But when you start to look at how governments (like China or India of late) or Network providers (across the information superhighway) can or could have their hand in deciding what is allowed to appear on the ‘net, the very roots of and reasons for the internet’s ascension can quickly fold in on itself. For just as fast and relatively easy those with the will can erect something online, and its success can flower “virally,” that same truth can rear itself on the other side. The mightiest can fall at light speed with the sudden twinge of overreach or perceived view of over-importance (see MySpace, AOL, Friendster, etc). And for all of us who have grown up in this age, an open internet is second nature; therefore, we are highly attuned and sensitive to anything that smells of the opposite. So, when all is said and done, those in control of the internet’s future will not be the only ones calling the shots.

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IPAD vs. Kindle

August 26th, 2010 · No Comments

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There have been scrolls upon scrolls at this point written about the battle royale of e-readers. While there are many e-readers who have come on the scene, Kindle is still the head of the class of reading devices and is the one I will write about on the dedicated e-reader front. When the IPAD burst on the scene - with its ability to do so much, including book reading - it ratcheted up the debate of which device to choose.

I write because I read New York Times writer David Pogue’s article-review-analysis on the new kindle today.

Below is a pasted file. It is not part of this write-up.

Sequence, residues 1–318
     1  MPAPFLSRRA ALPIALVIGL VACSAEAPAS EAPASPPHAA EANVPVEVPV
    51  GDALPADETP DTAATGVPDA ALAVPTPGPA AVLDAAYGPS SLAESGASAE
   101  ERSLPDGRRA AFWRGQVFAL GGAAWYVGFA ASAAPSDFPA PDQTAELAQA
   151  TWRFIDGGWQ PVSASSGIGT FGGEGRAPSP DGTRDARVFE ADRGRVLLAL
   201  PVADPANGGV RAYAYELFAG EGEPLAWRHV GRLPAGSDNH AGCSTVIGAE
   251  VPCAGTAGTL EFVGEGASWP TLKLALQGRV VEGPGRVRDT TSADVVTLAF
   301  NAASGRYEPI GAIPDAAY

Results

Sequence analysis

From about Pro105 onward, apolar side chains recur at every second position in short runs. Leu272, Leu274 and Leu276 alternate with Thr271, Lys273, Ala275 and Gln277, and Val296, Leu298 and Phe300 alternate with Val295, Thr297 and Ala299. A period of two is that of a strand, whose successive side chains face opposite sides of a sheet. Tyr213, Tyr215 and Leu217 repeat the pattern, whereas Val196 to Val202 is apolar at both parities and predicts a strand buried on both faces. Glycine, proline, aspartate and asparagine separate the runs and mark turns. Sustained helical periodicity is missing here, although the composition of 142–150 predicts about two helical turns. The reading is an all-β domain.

I am a user - a gadget geek probably - who actually has both devices. I purchased a Kindle just before last summer and picked up the IPAD WIFI/3G just before this summer. I probably rushed into purchasing the IPAD without thinking too hard about where each device would fit into my life. It’s like getting a new dog at the spur of a moment when you already have one - as my family actually did - and letting nature see how they coexist and find their new way in the world. The coexistence is confusing at first, and then acclimation ultimately renders a clear path, and you are left with an understanding of how the relationship will be.

For me, pre-IPAD, I had used the Kindle as an e-reader for books but more so on a daily basis as the device for all my papers and magazines, particularly the New York Times, Time Magazine, Newsweek, and the Economist. I learned to read on cardio machines at the gym in the morning - which changed my life (and the big font options and text-to-speech allow you to actually enjoy while running on a treadmill) - and I loved the fact that I could always carry around this small device (I have the 6″ version) and pop it open to read anything at any time. It was perfect.

Then came the IPAD. On the whole, the IPAD obviously allows you to do a lot more. From using applications to seeing things in color (gasp!), to traversing the ‘net on a super-fast N wireless connection, to email in a beautiful interface, to even e-reading.

My biggest dog-eat-dog coexistence worries with the IPAD were thinking about 1) how it would fit into my daily life between an IPHONE and a Laptop 2) how I would resolve the issue of e-reading and 3) what would be my dedicated daily device (who wants to be carrying around an IPHONE, IPAD, Kindle, lunch and gym bag?).

And to make it all the tougher, the Kindle application on the IPAD only allows for book reading; that means none of your daily/weekly/monthly subscriptions that you have on the Kindle are visible in your IPAD. This makes the daily dedicated device issue an all-or-nothing gamble. If subscriptions were to sync, your choice of what device to leave the house with would be one of daily preference.

At first, i stuck with the Kindle, which meant the IPAD stayed at home. That was my original plan, too: the IPAD would be my home device and the Kindle the traveler. But as I moved on, I started to become very aggravated with the subscription issue. Here I had this great device in the IPAD and I could - I should - be using it in the day. How dare Amazon force me to choose what device I use each day? So just like that, I went all Tea Party, and cancelled all subscriptions on the Kindle.